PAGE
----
Thinking About Another Birthday

I was born in a blizzard during the middle of the 1950’s. Dwight Eisenhower was President of the United States. John F. Kennedy had written the book Profiles in Courage. Elvis Presley was pushing Rock and Roll to new heights. My father was a Korean War veteran who served in the Navy aboard aircraft carriers. My mother was a registered nurse. And all of that made me a Baby Boomer, a Midwestern child of the middle class, benefiting from Roosevelt’s New Deal, more than a decade of economic boom, and I was in many ways truly blessed.

I think the Baby Boomer generation has a lot to answer for. As a group we have not taken our blessings for what they truly are and selfishly did not give back as much as we were given. Self-sacrifice and service were considered unintelligent things to pursue. Wealth and power were the things universally pursued. And averting climate disaster fell within our power. And we didn’t do nothing to help the problem. We actively made matters worse.

Hopefully, however, we have more than our share of people who followed the kind of path I did. I chose teaching as the way to serve my society and my country. I put in over thirty years working with kids, teaching them to read and write and helping them to transform from children into young adults. And I did it in spite of the fact that investment culture and the drive to earn massive wealth tended to make people look down on teachers. We didn’t get the respect and the monetary rewards that we actually deserved. I don’t have to feel dissatisfied with my role. But I do regret the consequences we face because of it. If you denigrate teachers and education in general, you are going to raise a generation of stupid people.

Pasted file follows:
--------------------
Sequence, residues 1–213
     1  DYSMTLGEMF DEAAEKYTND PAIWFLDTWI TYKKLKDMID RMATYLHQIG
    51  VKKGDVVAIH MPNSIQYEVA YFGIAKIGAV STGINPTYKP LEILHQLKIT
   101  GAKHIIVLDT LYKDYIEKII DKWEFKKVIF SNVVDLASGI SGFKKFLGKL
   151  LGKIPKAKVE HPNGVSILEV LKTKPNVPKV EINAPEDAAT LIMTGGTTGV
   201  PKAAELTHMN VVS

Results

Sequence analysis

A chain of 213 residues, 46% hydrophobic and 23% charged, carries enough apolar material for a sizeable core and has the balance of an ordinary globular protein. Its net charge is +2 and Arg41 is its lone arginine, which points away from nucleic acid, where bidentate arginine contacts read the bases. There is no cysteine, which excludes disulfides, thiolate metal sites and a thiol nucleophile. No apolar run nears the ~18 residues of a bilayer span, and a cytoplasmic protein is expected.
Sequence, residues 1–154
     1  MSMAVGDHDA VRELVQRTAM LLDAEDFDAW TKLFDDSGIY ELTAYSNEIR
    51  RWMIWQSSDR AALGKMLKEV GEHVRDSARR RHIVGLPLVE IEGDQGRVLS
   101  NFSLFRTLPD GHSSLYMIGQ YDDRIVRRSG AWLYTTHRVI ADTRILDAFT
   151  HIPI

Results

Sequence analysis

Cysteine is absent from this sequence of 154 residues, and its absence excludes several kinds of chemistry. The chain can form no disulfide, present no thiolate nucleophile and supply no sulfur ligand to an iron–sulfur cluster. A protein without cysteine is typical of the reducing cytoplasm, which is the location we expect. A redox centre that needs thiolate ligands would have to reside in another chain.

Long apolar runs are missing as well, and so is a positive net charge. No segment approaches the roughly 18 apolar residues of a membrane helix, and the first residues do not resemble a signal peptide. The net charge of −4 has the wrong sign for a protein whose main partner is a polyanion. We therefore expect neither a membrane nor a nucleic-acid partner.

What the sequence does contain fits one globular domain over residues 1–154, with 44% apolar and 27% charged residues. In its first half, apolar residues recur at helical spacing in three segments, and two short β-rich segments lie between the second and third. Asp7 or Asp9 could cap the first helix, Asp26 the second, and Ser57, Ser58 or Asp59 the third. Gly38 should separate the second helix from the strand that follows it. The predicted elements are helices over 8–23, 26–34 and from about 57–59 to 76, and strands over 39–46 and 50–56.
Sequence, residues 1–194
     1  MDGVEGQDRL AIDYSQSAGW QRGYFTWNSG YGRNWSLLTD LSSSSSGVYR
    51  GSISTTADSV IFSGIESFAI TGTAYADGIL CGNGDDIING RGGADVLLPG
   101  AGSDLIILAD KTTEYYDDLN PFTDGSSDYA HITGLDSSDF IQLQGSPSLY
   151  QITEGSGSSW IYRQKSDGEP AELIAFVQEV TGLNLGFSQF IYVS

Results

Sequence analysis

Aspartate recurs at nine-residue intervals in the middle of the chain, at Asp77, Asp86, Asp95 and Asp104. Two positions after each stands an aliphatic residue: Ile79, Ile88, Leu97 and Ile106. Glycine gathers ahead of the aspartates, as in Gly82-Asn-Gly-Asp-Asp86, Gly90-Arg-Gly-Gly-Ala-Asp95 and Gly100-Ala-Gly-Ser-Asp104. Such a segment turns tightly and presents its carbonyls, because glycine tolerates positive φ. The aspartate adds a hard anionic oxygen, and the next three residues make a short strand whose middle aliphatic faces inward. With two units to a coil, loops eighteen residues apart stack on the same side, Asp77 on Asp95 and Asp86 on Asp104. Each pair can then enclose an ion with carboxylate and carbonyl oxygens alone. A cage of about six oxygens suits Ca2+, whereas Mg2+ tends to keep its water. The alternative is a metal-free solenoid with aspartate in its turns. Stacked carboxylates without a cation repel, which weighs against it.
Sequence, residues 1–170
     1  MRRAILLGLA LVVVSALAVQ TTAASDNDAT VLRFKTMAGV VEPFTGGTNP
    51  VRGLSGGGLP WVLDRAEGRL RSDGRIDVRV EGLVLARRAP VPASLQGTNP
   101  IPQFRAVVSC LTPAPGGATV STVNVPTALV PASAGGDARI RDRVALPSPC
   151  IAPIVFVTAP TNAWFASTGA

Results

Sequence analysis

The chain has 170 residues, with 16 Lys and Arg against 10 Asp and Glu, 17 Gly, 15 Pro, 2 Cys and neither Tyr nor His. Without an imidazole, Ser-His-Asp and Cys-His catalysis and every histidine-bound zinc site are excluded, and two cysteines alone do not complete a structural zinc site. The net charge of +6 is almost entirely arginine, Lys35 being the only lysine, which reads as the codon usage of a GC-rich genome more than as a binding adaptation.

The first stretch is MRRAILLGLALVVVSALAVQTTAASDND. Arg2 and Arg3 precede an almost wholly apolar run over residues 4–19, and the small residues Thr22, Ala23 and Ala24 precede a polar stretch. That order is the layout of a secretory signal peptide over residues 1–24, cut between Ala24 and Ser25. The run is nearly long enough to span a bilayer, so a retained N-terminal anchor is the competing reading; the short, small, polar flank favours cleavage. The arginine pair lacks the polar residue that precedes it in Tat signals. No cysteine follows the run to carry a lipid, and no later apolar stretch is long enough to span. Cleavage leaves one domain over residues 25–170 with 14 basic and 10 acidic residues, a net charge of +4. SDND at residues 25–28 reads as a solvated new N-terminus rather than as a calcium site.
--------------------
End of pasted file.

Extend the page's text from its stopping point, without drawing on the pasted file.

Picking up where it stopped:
So, let me give you what little wisdom I have gained in the struggle of my 63 years on this less-than-perfect planet.

The only wisdom I can offer that I am absolutely certain of is this, I am basically a fool muddling my way through the labyrinth the best way that I can. We are all fools. And those that don’t admit that do me the favor of proving there are bigger fools than me.

The current President of the United States is a criminal. Even a fool like me can see it. He needs to be removed and the people who have enabled him need to be voted out.

He may, however, survive it. He may even win another four years. After all, the foxes have been running the hen-house for years now. And the party in charge cheats at election time.

We may have flubbed our stewardship of the planet so badly that all life on Earth will be wiped out by atmospheric changes. Fossil fuel corporations have won a Pyrrhic victory.

But even if we have no future as a species, our lives have been valuable. Every child is born good and loving and worthy of love. And even though some are too soon taught evil ways or too soon robbed of their birthright, the story of the human race is a good one. We did great things. We took serious dilemmas and solved them. We wrote good morals, and more often than not, we finished writing the sentence of our lives correctly. We had a right to be here. And even if our collective candle flame goes out, the brief time that it was shining made the universe a brighter place.

I am a pessimist by nature. I don’t expect to survive until another birthday passes. I didn’t expect to reach this one alive. If I do, I have a right to be both pleased and amazed. I can make no promises for the future. But I do know this, everything in the past was worth it.

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Filed under autobiography, birthdays, commentary, compassion, happiness, insight, inspiration, philosophy, soliloquy, strange and wonderful ideas about life

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